The only thing more traumatic (and dramatic) than a bad nosebleed is what it takes to stop one. So I wrote a few entries ago that all the sneezing has prompted nosebleeds, but what I didn’t say was that they would last for a couple of hours and my bathroom sink would sometimes look like a CSI scene. They’re not as serious as they are annoying; plus they’d turn up at the least opportune times, as if there’s ever a right time for them. But right on cue, I had a nosebleed during my visit with my primary physician yesterday and we got an appointment with an ENT specialist today.
So at 11 this morning, I snapped these photos while waiting for him. His office was like any vanilla modern facility but I spied the medieval hardware on the table near me and knew nothing good would come of it. He was a soft-spoken grandfatherly man who didn’t ask too many questions and explained even less. He casually mentioned he was going to give me a numbing agent for the cauterization then left to get something. I quickly searched “nasal cauterization” on my phone’s wikipedia app and read this: If a person has been having frequent nose bleeds, it is most likely caused by an exposed blood vessel in their nose. Even if the nose is not bleeding at the time, it is cauterized to prevent future bleeding. The different methods of cauterization include burning the affected area with acid, hot metal, lasers, or silver nitrate. Such a procedure is naturally quite painful. Sometimes liquid nitrogen is used as a less painful alternative, though it is less effective. In the few countries that permit the use of cocaine for medicinal purposes, it is occasionally used topically to make this procedure less uncomfortable, cocaine being the only local anesthetic which also produces vasoconstriction, making it ideal for controlling nosebleeds. Eh? did that really say burning? And cocaine? Hmmm.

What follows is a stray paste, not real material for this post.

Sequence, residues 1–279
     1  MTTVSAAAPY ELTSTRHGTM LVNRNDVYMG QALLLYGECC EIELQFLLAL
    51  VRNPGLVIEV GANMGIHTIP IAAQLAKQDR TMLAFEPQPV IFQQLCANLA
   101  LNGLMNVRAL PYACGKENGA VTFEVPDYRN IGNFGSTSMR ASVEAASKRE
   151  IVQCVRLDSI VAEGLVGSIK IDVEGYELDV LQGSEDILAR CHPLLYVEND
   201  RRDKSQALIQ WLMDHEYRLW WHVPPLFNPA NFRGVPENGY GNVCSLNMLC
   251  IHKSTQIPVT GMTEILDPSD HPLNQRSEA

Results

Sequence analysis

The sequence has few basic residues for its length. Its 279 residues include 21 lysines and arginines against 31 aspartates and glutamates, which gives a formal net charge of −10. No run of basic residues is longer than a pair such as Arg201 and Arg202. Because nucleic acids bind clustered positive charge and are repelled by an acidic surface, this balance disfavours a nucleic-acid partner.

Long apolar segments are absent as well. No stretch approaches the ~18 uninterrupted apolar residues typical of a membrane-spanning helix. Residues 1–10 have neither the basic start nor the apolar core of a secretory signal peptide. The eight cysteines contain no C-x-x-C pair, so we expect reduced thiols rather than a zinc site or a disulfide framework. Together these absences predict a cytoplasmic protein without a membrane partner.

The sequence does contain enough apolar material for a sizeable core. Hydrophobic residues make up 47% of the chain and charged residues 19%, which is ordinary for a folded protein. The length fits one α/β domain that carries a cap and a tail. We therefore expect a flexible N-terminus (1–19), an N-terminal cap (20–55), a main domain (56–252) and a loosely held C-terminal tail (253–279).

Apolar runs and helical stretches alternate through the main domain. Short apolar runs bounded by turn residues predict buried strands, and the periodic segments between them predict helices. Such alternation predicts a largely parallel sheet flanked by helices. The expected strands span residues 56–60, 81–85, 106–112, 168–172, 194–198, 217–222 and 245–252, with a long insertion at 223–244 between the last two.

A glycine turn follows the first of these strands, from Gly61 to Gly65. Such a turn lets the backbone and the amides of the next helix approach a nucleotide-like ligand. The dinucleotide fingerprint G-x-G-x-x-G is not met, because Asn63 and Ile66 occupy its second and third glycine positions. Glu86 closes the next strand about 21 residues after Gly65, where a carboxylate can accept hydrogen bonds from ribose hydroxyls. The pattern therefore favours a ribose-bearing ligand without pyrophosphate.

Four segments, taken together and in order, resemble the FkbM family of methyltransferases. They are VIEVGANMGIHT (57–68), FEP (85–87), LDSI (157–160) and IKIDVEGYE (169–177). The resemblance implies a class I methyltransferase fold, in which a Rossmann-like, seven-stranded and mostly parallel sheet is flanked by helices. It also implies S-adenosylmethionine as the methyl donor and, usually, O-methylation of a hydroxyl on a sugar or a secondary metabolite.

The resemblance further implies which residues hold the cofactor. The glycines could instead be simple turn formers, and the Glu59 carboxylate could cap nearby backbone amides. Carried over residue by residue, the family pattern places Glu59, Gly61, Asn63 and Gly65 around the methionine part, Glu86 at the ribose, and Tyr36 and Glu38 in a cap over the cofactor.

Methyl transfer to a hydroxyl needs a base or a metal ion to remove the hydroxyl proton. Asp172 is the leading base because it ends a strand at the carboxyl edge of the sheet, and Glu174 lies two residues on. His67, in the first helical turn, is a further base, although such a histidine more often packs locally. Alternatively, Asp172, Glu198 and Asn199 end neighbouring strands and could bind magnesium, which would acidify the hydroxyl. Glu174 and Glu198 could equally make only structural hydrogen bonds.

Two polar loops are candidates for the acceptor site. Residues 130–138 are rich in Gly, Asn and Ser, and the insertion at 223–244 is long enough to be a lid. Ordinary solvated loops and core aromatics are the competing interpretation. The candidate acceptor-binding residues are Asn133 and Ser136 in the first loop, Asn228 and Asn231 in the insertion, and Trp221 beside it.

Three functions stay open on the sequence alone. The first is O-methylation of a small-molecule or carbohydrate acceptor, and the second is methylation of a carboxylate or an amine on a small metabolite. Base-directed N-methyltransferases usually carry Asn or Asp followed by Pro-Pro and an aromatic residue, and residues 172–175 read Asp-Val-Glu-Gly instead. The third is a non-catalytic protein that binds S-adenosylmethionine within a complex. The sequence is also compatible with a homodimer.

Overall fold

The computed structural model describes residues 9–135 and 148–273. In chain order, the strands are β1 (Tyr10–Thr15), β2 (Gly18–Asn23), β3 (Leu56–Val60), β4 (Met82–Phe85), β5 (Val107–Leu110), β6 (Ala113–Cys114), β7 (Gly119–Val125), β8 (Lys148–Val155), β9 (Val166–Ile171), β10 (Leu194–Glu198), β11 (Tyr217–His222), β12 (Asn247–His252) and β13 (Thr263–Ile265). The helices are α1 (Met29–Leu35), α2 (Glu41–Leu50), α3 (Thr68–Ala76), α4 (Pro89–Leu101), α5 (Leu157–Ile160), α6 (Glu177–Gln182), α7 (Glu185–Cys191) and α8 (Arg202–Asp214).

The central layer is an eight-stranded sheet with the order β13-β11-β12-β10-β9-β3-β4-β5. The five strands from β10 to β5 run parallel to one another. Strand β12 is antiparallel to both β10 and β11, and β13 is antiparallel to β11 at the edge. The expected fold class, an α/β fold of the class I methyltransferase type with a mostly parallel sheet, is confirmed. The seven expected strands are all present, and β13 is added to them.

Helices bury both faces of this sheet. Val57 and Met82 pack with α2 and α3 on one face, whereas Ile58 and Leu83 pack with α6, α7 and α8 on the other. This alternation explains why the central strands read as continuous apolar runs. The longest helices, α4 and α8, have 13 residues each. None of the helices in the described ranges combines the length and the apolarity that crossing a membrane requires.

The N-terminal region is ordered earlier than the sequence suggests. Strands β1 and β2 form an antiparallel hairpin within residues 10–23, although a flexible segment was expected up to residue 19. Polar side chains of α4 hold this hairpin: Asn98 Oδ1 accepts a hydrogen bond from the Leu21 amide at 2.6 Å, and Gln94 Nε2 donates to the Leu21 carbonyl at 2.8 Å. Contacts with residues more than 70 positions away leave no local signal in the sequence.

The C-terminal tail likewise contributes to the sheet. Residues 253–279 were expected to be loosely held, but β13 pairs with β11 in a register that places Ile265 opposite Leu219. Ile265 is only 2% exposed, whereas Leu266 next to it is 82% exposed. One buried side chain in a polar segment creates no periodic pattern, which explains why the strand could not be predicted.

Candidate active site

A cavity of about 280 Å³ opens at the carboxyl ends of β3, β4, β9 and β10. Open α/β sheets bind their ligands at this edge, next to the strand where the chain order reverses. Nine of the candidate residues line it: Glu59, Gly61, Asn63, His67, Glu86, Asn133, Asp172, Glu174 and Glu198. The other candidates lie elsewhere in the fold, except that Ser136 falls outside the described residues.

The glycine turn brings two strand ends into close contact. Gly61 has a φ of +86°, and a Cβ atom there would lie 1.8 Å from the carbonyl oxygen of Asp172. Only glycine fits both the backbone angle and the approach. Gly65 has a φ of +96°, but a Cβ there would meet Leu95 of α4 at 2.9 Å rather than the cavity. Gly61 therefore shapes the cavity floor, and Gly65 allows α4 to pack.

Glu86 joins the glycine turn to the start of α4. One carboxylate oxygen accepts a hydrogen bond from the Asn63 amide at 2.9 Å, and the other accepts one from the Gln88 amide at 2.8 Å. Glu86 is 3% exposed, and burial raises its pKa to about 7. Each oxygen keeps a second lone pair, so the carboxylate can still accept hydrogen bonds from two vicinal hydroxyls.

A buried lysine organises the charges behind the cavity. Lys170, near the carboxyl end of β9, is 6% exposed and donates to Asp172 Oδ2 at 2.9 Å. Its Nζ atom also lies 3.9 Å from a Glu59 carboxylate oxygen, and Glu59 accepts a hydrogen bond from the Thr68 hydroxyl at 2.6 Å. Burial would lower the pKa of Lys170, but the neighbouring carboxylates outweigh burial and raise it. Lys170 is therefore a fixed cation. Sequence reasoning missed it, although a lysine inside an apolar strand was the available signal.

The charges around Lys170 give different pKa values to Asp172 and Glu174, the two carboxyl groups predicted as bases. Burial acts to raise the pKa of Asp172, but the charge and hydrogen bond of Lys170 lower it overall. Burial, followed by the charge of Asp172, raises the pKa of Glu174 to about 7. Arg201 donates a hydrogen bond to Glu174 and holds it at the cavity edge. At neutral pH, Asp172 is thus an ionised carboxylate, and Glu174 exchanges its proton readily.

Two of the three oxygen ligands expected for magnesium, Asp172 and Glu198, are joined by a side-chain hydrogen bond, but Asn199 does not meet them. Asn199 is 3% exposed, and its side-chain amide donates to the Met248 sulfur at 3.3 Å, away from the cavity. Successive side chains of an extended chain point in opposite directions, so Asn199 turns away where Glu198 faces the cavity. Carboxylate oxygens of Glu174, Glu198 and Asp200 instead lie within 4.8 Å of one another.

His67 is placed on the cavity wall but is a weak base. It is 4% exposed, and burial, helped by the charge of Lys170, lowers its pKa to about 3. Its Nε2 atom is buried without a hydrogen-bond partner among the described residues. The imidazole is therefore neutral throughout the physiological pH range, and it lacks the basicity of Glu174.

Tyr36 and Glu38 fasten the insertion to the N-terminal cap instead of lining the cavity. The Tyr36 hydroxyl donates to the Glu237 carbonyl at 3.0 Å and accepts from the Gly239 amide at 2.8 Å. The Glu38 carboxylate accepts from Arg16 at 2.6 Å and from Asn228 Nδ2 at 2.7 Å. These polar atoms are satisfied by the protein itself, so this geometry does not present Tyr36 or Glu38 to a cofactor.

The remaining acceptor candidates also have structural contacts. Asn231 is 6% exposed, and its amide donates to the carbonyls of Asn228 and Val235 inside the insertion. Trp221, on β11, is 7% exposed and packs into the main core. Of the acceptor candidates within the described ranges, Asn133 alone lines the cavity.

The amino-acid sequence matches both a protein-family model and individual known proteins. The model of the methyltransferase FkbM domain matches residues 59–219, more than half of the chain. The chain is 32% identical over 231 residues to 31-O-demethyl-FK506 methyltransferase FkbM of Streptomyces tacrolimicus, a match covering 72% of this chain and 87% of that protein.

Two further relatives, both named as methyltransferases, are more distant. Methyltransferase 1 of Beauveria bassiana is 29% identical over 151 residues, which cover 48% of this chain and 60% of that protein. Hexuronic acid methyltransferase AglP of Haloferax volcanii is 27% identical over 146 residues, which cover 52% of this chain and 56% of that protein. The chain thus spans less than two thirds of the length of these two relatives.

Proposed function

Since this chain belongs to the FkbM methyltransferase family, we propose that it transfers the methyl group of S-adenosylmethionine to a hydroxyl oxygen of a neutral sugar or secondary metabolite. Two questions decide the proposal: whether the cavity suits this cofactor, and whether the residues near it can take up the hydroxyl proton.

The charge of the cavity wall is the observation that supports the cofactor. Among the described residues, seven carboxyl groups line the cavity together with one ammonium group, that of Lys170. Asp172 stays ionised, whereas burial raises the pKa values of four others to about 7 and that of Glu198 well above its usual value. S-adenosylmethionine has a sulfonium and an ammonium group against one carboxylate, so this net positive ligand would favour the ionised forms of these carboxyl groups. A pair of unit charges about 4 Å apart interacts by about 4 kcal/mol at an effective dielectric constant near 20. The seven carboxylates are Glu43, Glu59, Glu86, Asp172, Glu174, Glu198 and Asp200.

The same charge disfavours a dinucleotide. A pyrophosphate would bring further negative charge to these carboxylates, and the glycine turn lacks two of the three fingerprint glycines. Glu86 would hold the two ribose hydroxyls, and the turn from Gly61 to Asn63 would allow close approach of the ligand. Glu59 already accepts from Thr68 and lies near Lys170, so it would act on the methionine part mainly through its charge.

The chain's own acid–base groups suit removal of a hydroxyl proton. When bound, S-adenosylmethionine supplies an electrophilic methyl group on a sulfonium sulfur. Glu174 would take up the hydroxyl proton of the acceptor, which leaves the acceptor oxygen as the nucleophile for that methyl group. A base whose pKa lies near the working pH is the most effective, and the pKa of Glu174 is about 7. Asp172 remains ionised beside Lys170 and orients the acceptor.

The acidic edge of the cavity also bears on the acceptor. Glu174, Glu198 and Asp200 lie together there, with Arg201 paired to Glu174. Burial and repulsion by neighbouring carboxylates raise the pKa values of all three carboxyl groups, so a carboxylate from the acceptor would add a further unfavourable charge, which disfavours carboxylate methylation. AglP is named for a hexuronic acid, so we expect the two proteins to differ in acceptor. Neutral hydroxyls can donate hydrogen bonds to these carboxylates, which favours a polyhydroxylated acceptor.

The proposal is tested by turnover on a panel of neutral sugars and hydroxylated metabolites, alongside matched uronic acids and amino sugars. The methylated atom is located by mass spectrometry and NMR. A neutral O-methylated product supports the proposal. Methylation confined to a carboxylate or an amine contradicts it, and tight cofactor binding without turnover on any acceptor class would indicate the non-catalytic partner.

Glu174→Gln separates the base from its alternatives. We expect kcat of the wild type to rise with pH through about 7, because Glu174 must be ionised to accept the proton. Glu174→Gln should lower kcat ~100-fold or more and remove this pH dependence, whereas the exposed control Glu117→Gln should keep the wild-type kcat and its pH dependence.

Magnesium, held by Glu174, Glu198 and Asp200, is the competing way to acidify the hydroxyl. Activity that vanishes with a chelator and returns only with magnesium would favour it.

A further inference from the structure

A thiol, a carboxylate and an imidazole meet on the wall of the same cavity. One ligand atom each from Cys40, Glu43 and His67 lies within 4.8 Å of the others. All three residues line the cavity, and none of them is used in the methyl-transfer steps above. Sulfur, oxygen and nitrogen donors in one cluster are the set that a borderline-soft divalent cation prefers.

So when the doctor came back, I cross-examined the poor man. At least if something went wrong I’d have evidence of his weapons on my phone! Let’s just say by then end of my 30 questions he was neither soft-spoken nor grandfatherly anymore. And he shut me up by spraying my nostril to open up the vessels. My trigger-happy hand shot up to wipe the spray from my face and smacked his hand. He calmly reminded me to not do that when the actual cauterization took place. Then he numbed me and left me…to stew in my own hypochondriac meltdown. How do you really know if you’ve been numbed enough? And since I’m so congested from my cold anyway, how can i smell if if I end up catching on fire? Etc, etc. It’s hard to be in my head.
The whole procedure took under 60 seconds. And all that interrogation was useless; whatever information he gave me flew out the window when I saw the cauters coming at me. Knowledge does not trump fear! I might have momentarily passed out, too, I’m not sure.
He says this should stop the nosebleeds for now and I should take it easy (was it the crazed look in my eyes that prompted that comment, I wonder). I’m happy to hear that, but it hurts. Still hurts now a couple of hours later. And they didn’t give me a lollipop on my way out either. Maybe I need to get a new pair of shoes :D.